But I also couldn’t pull off eating 15 cheeseburgers in one sitting. And that gluttonous activity also isn’t a strategy — it’s just an impressive feat, for some definition of “impressive.”
I don’t want to belabor this point too much or be too pedantic about it. If you want to chase this rabbit all the way down its hole, Jonathan Stark has talked a lot about it, including here, here, and here.
In fact, let’s start with Jonathan’s definition, which I like.
Strategy is a concise, high-level approach to achieving an objective by playing strengths against weaknesses in an unexpected way.
Emphasis mine. And taking the bolded alone, the absolute pinnacle of “SEO strategy” is, on its face, not strategy. In fact, here’s how I’d describe Brian Dean’s post, instead:
[SEO] Strategy is a verbose, granular approach to achieving an objective by playing strength against strength in highly formulaic way.
Jonathan’s definition is great, but I want to elaborate on it a bit and adapt it in a more heuristic and corporate way, to illustrate my point in this post. That is to say, don’t take my definition as a good one — just a contextual one.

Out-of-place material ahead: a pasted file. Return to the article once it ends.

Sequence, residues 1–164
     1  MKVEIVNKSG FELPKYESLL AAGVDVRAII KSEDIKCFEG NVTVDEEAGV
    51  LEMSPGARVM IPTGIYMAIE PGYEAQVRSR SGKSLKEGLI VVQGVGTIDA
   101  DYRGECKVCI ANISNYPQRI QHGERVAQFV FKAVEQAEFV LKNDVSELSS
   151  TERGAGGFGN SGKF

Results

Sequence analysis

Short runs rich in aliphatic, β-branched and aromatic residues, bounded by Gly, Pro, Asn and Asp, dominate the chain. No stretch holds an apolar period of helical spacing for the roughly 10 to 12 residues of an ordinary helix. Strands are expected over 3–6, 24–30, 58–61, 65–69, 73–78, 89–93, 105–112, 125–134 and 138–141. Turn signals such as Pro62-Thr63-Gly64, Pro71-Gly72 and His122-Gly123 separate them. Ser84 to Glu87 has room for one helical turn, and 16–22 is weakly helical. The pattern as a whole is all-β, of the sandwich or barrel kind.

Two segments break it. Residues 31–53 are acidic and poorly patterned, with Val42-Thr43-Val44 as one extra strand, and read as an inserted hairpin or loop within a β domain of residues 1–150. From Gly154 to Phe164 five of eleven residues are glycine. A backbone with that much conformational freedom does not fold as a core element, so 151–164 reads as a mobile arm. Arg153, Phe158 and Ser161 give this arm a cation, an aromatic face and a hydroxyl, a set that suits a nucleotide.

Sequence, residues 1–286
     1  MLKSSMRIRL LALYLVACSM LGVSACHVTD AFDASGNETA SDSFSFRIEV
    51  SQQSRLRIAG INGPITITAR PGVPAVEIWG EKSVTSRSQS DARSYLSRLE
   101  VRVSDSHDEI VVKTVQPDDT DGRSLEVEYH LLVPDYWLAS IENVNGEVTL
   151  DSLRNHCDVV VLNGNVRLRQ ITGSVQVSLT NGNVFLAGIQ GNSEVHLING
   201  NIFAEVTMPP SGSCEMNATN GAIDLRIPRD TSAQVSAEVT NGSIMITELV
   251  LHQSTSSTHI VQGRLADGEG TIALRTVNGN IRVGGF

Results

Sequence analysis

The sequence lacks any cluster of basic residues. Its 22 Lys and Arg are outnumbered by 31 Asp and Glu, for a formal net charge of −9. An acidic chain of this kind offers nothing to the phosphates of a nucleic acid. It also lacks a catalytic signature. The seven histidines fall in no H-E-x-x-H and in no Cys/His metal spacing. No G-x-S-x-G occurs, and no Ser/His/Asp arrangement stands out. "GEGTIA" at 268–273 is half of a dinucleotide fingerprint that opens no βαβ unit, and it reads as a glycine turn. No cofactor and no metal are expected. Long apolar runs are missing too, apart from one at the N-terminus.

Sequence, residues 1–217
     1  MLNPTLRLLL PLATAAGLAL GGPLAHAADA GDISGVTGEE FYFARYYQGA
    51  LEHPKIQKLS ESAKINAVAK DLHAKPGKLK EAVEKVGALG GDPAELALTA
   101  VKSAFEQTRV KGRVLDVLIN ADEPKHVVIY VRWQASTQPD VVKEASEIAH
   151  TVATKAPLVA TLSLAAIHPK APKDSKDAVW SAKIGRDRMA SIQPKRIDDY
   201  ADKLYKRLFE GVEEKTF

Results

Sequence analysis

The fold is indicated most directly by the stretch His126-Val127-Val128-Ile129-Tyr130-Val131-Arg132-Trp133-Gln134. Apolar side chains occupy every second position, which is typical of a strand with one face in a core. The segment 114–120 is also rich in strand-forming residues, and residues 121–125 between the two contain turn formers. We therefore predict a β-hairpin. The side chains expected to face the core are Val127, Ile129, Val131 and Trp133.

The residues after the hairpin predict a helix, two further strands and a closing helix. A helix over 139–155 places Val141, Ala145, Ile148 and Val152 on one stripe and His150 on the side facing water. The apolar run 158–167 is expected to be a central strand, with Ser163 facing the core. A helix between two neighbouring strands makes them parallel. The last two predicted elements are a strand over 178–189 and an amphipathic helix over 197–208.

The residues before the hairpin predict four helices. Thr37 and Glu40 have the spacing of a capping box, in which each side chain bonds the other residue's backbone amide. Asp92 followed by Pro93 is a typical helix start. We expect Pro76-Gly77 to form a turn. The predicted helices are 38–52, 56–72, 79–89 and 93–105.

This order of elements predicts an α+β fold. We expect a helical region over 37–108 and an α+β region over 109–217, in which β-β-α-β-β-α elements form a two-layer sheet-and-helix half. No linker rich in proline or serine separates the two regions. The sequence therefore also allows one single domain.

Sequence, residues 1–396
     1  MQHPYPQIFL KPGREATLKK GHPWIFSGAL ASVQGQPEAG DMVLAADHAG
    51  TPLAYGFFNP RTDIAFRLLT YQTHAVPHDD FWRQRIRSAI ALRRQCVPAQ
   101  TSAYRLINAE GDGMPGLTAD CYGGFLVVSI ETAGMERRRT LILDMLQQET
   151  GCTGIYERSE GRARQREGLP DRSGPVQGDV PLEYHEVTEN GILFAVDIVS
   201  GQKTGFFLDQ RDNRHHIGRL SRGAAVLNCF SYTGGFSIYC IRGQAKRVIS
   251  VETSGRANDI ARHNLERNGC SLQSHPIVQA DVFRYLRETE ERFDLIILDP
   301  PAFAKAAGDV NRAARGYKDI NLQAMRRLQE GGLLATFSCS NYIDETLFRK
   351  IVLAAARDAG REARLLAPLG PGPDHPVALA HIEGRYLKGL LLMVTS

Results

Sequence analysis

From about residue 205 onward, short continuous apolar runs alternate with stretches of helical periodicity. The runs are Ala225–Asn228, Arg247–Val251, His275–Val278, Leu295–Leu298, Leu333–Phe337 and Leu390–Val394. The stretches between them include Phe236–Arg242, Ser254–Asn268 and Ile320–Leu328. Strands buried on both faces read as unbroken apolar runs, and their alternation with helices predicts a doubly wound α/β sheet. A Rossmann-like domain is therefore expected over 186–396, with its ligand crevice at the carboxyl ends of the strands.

Some titan of org theory, whose name escapes me and my Google-fu at the moment, talked about strategy as a means of dealing with the unprecedented and unknown. Your over-arching strategy can have a series of sub-strategies, and so on down the line. But sooner or later, sub-strategies simply turn into tactics.
At what point does this happen, exactly?
Well, at the point where the tactics are simply best practices, so to speak. For instance, my “typing strategy” as I write this post, doesn’t court the unknown or unprecedented in any meaningful way. It’s just “one hand each on home row, and let ‘er rip.” I have no strategy because I’m simply executing a well-defined, battle-tested process — a tactic.